The smell of freshly printed syllabi and new school supplies is in the air as we head into the 2017 back-to-school season. Before you invest in a new set of notebooks and pricey textbooks, it’s time to consider going digital. Most classes require a laptop or computer for outside work, so it makes sense to take them wherever you go with the investment in a MacBook or iPad. Below are some helpful factors to consider when completing your school supply shopping this fall.

MacBook Airmacbookair13.3_500px__75944.1501615462.1280.1280

This sleek laptop is known for its ease of transportation and user-friendly interface, as with most Apple products. It’s perfect for fans of compact possessions, whether you take public transport to class or simply prefer smaller tech.

Pros:

The Air is has an appealing appearance and lightweight handling, reaching decent processing speeds with models 2011-present. Additionally, the backlit keyboard is basically full size compared to other brands of compact laptops. The MacBook Air includes all advantages of Mac OS and standard preinstalled Apple apps and also has a solid battery life for those looking to carry it around to several classes while holding a charge.

Cons:

Because it’s engineered for easy transport, the Air is primarily engineered for offline use. This isn’t so great for music engineers and video editing students that required larger software and online presence for publishing. Another con for this reason is the low internal storage capacity. For you gamers, this is another reason to give good consideration to your laptop selection.

The Verdict: The MacBook Air is best recommended for the light traveler. It gets the job done and can be light solution to hauling around a large laptop to each class.

Sounds about right? We’ve got MacBook Airs at a fraction of the retail price tag here.

MacBook Promacbookpro15.5_500px__31455.1462478233.1280.1280

A standard as far as model recognition, the MacBook Pro has been a favorite among students for many years. From resilient display to simple usage, it’s a clear winner in a few departments but may fall short in a few others. Let’s look at the pros and cons.

Generally speaking, Macs are a lot less complicated to use than most other brands in the computer world (unless one is more comfortable with PC interface). The MacBook Pro is staple among many design/video/photography students as Final Cut Pro and other Apple-affiliated programs allow for simple function. They’re also generally less prone to viruses, have top-of-class physical features such as screen display and perform pretty fast with just about any task.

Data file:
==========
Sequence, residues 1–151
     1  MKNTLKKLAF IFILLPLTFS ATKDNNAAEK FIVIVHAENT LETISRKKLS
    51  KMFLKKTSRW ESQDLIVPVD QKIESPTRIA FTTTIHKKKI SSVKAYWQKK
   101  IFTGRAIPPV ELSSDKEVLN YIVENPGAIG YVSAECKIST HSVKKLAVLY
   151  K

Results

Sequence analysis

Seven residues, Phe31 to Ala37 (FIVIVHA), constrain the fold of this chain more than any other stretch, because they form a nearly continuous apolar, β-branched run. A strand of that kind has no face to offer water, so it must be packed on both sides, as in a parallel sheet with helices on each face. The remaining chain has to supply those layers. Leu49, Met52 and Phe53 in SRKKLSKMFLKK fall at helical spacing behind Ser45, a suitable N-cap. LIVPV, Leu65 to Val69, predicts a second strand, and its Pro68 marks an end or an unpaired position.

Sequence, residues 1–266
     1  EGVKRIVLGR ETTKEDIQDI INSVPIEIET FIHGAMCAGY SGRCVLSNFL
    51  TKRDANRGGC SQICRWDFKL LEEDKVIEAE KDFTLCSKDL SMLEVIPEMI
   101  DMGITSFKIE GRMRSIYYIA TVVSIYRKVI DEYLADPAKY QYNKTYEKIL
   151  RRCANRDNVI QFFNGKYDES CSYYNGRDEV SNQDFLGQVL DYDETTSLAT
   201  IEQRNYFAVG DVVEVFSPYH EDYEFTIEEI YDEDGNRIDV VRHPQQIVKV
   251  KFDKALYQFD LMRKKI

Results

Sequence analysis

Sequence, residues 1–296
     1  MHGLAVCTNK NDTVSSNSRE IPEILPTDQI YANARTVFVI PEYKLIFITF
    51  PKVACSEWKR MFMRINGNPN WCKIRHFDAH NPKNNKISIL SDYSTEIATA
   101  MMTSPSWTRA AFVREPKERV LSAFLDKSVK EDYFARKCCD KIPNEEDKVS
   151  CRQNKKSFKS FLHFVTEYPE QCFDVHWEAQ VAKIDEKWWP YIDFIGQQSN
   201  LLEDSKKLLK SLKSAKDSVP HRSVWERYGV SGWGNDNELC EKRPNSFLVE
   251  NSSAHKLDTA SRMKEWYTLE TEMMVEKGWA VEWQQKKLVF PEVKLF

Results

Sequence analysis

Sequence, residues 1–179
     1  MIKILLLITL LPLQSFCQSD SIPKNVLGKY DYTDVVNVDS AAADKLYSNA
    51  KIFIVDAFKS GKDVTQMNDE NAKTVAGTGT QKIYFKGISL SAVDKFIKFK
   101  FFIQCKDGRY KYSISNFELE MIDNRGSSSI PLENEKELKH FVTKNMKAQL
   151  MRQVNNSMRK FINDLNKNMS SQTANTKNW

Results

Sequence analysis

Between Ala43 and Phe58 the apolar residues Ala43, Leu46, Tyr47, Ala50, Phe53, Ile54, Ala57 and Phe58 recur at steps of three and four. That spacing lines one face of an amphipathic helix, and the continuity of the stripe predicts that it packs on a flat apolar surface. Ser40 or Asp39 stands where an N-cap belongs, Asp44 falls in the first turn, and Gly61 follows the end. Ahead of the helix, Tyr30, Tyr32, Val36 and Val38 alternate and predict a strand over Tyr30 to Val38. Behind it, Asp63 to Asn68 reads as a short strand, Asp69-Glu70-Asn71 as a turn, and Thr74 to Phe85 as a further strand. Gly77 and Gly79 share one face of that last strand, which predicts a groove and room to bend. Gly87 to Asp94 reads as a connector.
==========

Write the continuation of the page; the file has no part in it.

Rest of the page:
Cons:

For those who wish to make their laptop truly their own, MacBooks aren’t nearly as apt to an upgrade as other laptops. And although the Mac operating system is fairly simple for most to use, it may not be the best for those needing more intensive computing.

The Verdict: The MacBook Pro is the best choice for the visual arts students. The brilliant display brings the most life out of each project while the ease of usage makes the work much easier.   

If you’re looking to join the MacBook Pro club for less, check out our inventory here.

iPadzambezi_ipadair2_silver-standard__92616.1460055464.1280.1280

A breadwinner in the tablet arena, the iPad is a staple that gets the job done while allowing for a little bit of fun in the process. All of the ease of a MacBook packed into one tight package, this tablet is sure to help any student out with a multitude of tasks.

Pros:

In terms of textbooks, iPad is your new best friend. Instead of spending anywhere between $40 and $400 for a textbook, an iPad replaces each cumbersome book with a lighter, more practical e-book option. One can even mark pages and highlight like a physical book. It’s all the knowledge at only a fraction of the weight using an astonishingly less amount of natural resources, i.e. trees for paper. Much like the MacBook, the iPad also has decent battery life for optimal mobility.

Cons:

A slight downside to using an iPad in class is the lack of compatibility with Flash player. This is usually only needed during video playback but you may come across some PF files that act up. Additionally, iPads lack a USB port and aren’t the greatest to complete group projects on (unless it’s individual tasks).

The Verdict: An iPad is perfect for the textbook-burdened student. Save money big time and consider investing in this tablet – trust us, your wallet and back will thank you.

 Click here to see our discounted iPads and get a leg up in your classes.

 

 





   

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